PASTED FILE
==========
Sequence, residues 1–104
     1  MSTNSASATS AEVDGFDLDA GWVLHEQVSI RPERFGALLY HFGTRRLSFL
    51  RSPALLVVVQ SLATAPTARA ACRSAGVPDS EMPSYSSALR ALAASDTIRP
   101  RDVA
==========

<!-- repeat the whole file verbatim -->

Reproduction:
Sequence, residues 1–104
     1  MSTNSASATS AEVDGFDLDA GWVLHEQVSI RPERFGALLY HFGTRRLSFL
    51  RSPALLVVVQ SLATAPTARA ACRSAGVPDS EMPSYSSALR ALAASDTIRP
   101  RDVA